Saturday, 21 April 2012 22:38

Four Generations of Santa Fé Gringos

Contributed by

Mike Lord, Grace Davis, Anders Lettie and Rachel Lord.

Photo by Kathy Lord

April 21, 2012

Saturday, 21 April 2012 22:35

Three Santa Fé Treasures

Contributed by

Connie Hernandez, Grace Davis and Adelina Ortiz de Hill.  Inspirations for Voces de Santa Fé.

Photo by Mike Lord

April 21, 2012

Friday, 20 April 2012 02:29

Espanola

Contributed by
Thursday, 19 April 2012 18:12

St. Francis Basilica Tetragrammaton

Contributed by

There are a lot of stories floating around about this inscription over the main door of the Cathedral. The following from a blog by David B. Williams covers what I have heard:

While there are some features of the Northern New Mexico experience which have transformed or even diminished in recent years, there are those treasured aspects of the culture  which have endured and should be preserved.  Some of these include the food created from locally grown produce such as the chilé; the distinctive dialects as differentiated from one Spanish-speaking town to another, reflecting the uniqueness of the people in each community; and certainly the arts such as the music, again a story of the people's experiences and life-journeys.   

Long adored for her passion and her talent, and now appreciated for her contribution to that notion that we must not forget from where we came, is 89-year old  Antonia Apodaca.  Antonia was born into a family of musicians in Rociada, NM. A talented guitarist and songwriter and a dynamic button accordion player, she has an extensive repertoire of traditional Hispanic tunes and songs from Northern New Mexico that she learned from her parents and uncles.

If you know  Antonia's music, you know how special she is to Northern New Mexico.  If you are hearing about her for the first time, Voces de Santa Fé is proud to introduce her, as it is the goal of this website to honor and preserve the traditions of our families.

La música de Antonia Apodaca: http://www.youtube.com/watch?v=nKN_HUeyp1o&feature=related

 

Wednesday, 18 April 2012 19:24

When Santa Fe Made Its Own Beer

Contributed by

 

 The Santa Fe Reporter , August 6, 1986

Open Door

Charles A. Hannaford and Mike Taylor

When Santa Fe Made Its Own Beer

By 1873 there was an all-time high of 4,131 commercial beer breweries in the United States and almost every town of any consequence had its own brewery and its own beer.  And Santa Fe – even though it was just the capital of a frontier Territory and not even part of a state - was no exception.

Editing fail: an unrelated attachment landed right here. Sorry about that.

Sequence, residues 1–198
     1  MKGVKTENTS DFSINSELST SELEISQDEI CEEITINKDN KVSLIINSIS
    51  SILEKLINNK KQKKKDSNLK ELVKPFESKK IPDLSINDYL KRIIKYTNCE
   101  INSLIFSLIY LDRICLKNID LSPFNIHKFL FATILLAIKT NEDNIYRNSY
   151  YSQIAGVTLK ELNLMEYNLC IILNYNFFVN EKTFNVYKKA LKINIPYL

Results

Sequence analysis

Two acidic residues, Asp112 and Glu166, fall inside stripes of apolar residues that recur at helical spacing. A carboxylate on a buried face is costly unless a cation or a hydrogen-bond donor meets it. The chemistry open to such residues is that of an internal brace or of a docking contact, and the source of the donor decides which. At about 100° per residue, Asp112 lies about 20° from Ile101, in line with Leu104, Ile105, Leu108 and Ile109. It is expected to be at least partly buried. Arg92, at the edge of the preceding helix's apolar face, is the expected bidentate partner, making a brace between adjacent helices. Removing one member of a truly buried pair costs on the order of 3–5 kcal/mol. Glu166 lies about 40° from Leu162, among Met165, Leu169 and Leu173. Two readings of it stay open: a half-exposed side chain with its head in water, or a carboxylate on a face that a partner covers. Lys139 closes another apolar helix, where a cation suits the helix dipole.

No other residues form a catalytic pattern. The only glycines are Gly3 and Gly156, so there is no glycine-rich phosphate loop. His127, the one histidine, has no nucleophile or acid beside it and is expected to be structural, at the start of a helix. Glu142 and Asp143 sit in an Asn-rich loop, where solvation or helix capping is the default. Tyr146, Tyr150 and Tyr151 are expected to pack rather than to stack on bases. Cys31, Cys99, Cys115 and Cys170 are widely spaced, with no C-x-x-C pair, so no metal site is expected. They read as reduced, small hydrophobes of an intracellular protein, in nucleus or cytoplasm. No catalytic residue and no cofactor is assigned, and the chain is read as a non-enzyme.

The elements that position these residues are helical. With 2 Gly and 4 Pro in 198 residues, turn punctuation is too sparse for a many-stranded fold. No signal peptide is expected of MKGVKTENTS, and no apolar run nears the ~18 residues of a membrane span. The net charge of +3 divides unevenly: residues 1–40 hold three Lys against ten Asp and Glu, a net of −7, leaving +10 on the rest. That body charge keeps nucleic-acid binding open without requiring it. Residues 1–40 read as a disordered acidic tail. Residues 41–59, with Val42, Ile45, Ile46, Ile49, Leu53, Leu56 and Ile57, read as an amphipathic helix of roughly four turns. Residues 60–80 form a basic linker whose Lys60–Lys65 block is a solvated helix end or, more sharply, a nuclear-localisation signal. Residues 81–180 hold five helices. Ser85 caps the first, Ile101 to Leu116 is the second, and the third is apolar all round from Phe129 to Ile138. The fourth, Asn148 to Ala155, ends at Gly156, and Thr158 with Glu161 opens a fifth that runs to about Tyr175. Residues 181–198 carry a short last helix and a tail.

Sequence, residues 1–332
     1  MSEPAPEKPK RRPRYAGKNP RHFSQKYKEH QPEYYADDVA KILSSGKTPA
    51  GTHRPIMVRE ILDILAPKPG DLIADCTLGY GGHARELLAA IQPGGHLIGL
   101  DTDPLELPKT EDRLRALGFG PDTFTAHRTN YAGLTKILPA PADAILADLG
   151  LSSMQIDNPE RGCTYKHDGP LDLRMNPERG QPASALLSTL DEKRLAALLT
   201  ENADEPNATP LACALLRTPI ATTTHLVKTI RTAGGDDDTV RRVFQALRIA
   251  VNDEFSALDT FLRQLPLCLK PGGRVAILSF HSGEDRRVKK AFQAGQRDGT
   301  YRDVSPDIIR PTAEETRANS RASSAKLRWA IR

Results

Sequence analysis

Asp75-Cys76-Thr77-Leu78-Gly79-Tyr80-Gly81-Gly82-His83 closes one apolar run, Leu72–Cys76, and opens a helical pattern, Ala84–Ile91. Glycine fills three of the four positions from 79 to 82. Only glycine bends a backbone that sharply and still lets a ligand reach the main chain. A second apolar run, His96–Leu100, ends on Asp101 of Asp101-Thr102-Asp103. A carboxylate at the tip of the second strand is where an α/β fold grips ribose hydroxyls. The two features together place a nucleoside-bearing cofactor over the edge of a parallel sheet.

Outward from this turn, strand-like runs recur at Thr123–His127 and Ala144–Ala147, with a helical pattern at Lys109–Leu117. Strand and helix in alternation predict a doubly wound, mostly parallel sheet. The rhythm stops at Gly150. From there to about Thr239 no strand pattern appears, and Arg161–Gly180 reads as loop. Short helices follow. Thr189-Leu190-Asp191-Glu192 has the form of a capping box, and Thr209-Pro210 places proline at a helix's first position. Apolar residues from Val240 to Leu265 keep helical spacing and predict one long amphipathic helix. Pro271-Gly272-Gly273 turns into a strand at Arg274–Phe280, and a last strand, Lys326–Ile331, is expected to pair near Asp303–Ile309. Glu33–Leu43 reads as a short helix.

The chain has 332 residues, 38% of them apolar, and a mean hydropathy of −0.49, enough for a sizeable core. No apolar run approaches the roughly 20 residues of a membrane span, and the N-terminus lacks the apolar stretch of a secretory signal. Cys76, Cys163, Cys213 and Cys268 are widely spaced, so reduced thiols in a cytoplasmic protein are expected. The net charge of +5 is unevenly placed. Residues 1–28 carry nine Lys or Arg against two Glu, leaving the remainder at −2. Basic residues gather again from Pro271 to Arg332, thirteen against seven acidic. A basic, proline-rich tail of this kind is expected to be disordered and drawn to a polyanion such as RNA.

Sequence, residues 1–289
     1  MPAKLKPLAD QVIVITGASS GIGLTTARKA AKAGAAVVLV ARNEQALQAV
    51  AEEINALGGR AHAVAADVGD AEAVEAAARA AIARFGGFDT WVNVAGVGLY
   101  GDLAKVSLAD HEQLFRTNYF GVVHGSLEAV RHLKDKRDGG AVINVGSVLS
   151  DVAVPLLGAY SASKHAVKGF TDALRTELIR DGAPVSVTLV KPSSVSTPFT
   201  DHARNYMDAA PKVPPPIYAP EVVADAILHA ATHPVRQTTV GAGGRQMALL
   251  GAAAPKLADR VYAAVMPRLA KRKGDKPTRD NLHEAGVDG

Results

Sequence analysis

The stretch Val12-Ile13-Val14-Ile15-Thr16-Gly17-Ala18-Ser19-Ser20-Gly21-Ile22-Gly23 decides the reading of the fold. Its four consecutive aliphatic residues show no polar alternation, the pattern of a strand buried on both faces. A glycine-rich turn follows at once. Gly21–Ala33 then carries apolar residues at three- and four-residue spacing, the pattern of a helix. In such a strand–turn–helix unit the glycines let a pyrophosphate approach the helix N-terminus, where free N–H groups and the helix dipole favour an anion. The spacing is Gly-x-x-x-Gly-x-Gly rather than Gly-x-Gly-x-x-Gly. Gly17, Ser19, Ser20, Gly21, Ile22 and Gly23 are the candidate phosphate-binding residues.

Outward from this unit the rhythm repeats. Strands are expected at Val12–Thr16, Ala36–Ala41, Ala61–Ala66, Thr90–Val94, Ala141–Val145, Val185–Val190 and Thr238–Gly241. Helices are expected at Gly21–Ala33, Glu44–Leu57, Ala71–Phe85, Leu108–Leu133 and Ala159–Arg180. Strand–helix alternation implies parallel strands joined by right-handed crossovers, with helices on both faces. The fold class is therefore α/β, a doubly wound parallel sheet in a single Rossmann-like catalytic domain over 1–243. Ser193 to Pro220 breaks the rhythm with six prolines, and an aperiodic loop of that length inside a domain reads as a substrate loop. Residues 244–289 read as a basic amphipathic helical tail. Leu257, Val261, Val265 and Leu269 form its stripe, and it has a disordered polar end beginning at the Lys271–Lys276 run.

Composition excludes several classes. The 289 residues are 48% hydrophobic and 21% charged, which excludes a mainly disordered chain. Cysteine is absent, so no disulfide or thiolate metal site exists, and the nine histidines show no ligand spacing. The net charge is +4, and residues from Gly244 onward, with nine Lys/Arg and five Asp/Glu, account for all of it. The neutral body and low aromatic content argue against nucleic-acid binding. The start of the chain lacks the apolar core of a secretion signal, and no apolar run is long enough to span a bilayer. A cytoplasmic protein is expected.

Tuesday, 17 April 2012 20:40

The La Fonda Bell Tower

Contributed by

This photograph shows construction in progress of the La Fonda Bell Tower, circa 1926. The bell tower was designed by John Gaw Meem. This photograph appeared in the book "From Every Window: A Glimpse of the Past" published by the La Fonda. A very special thanks to Jennifer Kimball (Chairman of the La Fonda) and John Rickey (General Manager of the La Fonda) for their permission to publish this photo here on Voces de Santa Fe.

 

The Lone Ranger is currently being filmed in New Mexico and Santa Fé.

To discuss this movie as well as film making in New Mexico, join to discuss.

 

Monday, 16 April 2012 17:20

Fischer Brewery's Terrace on East Palace Avenue

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For years I've been looking for a photograph of the Fischer Brewery and have just discovered two.  This photo is of the entertainment side, with the bowling alley, salon and outdoor porch.  The brewing was done in the 2 story building just visible to the right.  It is credited to Adolph Fischer and, based on the Sanborn 1902 map description 'Dilapidated, being used as a residence' I would estimate the date between 1902 and 1906, when it was demolished to make room for the Renehan's Willows.  It must have been a Santa Fe hotspot, a rural retreat where one could have a beer overlooking the Santa Fe river, listen to live music and bowl in what I believe was Santa Fe's first bowling alley.

Photo by Adolph Fischer

1902-1905

Sunday, 15 April 2012 22:38

Bruns General Hospital

Contributed by

Times have certainly changed.  Can it be that hospitals once provided you with the means to light your frajo?

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